Subscriber OnlyOireachtas

Miriam Lord: No big showy balls in sight as Leinster Lawn lights up for Christmas

No sign of the Taoiseach, Tánaiste and Green leader either, but Mary Lou made it for the switching-on of the Oireachtas tree lights

Mattie and Michael were under the tree and out for mischief.

“Sure, ‘tis a wonder we’re being allowed turn on any lights at all,” marvelled Michael Healy-Rae.

Mattie McGrath wholeheartedly agreed.

“How are the Greens letting us away with this? Keep an eye out for them, they could stop us yet.”


The two Rural Independents scanned the shadows around Leinster Lawn but couldn’t spot any of Green Party leader Eamon Ryan’s troops out on Christmas patrol. Had they looked hard enough they might have spotted the Green TD for Limerick City, Brian Leddin, in the small crowd, but he kept a low profile.

After a brief hiatus due to Covid-19, the annual ceremony to mark the official switch-on of the lights on the Oireachtas Christmas tree returned on Tuesday evening. It’s always a jolly event and never more enjoyable than when the senior politicians smiling violently at each other through the foliage are at each other’s throats over the latest row.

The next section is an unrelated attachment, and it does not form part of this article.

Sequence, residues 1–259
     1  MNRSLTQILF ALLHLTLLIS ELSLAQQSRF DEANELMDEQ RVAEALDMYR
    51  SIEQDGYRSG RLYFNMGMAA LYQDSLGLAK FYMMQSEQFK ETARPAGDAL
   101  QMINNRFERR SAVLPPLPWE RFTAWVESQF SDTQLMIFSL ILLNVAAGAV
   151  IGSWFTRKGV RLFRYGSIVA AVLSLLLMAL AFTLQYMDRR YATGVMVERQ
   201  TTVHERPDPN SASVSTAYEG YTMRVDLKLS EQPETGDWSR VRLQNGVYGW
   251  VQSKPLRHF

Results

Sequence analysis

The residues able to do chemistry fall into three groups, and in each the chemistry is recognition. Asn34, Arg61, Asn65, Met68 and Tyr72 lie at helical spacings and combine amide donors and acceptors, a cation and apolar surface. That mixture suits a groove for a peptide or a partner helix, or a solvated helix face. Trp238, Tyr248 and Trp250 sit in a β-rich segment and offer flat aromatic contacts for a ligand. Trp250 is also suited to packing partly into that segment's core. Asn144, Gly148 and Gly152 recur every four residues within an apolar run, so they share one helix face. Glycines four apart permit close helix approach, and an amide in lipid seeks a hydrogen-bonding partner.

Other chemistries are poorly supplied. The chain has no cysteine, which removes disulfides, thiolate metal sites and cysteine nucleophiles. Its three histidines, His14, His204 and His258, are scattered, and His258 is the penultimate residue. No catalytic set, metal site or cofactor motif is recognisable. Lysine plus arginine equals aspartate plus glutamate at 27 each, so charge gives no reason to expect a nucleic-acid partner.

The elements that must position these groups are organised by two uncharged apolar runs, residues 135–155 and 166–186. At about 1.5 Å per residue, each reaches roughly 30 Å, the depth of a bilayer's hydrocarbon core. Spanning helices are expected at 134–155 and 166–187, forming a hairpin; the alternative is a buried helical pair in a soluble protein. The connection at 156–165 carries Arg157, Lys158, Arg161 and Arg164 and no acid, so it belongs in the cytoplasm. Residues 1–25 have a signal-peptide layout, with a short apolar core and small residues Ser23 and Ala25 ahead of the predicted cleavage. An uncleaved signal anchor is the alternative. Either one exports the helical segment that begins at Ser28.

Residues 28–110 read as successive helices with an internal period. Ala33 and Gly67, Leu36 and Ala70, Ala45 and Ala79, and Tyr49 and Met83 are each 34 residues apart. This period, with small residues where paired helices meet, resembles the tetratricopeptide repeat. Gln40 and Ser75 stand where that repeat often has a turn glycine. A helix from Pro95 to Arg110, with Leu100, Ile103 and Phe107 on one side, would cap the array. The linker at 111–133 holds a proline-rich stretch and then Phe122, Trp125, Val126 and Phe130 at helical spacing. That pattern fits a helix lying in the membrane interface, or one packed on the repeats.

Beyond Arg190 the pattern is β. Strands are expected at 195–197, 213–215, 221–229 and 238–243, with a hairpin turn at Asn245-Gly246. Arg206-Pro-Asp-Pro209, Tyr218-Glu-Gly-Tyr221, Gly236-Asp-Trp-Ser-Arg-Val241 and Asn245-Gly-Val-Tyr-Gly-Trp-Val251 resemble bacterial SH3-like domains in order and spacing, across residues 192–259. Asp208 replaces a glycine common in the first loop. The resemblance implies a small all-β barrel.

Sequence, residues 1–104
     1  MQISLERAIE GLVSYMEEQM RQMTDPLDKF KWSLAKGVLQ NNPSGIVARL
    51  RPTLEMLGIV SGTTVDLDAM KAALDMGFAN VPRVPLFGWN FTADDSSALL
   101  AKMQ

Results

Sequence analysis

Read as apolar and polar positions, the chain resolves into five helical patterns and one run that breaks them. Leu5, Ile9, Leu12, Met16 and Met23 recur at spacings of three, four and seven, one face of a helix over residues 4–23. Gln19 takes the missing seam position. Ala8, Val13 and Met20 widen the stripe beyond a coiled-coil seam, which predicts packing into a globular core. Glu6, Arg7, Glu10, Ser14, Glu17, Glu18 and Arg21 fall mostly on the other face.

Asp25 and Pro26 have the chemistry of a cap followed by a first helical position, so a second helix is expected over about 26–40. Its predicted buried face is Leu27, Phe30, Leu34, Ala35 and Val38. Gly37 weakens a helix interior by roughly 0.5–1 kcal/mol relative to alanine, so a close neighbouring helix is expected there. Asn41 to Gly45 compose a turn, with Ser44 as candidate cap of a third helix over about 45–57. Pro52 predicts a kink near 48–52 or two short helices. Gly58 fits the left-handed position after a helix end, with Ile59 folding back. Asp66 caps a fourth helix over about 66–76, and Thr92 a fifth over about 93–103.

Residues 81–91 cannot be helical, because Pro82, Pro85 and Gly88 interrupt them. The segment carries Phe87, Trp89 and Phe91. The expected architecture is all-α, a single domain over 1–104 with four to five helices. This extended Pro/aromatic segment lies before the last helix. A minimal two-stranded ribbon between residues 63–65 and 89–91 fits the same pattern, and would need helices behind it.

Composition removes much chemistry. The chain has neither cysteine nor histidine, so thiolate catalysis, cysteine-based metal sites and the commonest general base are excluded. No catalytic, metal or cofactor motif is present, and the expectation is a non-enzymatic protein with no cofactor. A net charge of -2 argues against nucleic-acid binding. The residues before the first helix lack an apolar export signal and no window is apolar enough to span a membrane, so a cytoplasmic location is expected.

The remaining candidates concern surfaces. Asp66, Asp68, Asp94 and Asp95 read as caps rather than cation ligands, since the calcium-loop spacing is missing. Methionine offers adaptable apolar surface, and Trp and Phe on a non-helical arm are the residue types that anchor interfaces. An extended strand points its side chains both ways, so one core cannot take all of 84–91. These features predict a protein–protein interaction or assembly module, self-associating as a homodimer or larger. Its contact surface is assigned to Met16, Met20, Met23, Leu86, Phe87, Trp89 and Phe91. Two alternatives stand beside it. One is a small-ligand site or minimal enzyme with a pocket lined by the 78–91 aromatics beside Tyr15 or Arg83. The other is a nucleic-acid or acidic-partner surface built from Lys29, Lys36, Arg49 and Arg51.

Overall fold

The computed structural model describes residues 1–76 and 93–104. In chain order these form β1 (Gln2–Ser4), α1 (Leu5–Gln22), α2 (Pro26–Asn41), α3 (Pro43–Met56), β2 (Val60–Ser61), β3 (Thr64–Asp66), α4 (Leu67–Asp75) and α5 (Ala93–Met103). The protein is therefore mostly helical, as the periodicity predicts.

Unfortunately this year, most of the party leaders didn’t turn up for the formalities. Perhaps the three Coalition leaders are at loggerheads behind the scenes over the Taoiseach and Tánaiste’s imminent job swap and minor ministerial tinkerings, but Micheál Martin, Leo Varadkar and Ryan were missing from the ceremony. In fairness to the Taoiseach, he was on his way to Albania.

The Tánaiste, on the other hand, was due to make a speech on the centenary of the creation of the Irish Free State at a venue in nearby Merrion Square an hour after the activation of the illuminations. Perhaps he wants to maintain a low profile in advance of his elevation in two weeks’ time.

The tree, of course, is Leinster Lawn’s Yuletide centrepiece. The Green Party leader may have stayed away for safety reasons, given a sizeable proportion of TDs and Senators want his guts for garters after he said he wants to get rid of the car park in front of the Kildare Street side of the building. Had he shown up, some rural TDs might have been mean to him.

Although that never happens at the tree ceremony because the TDs are determinedly full of the Christmas spirit and then afterwards, at a reception in the Leinster House 2000 wing, the singers and musicians who entertained the crowd are invited to partake of some liquid Christmas spirit.

This year there were wonderful performances from the hardy gentlemen of Portmarnock’s SeaSharps barbershop singers and the exuberantly melodious players from the Rathfarnham Ukulele Group (RUGs).

It was chilly out there on Leinster Lawn for them.

“I hope there’s a drop of the crathur – I’m buckin’ freezin’,” confided a member of the a cappella group when we said there would be a bit of a spread laid on inside.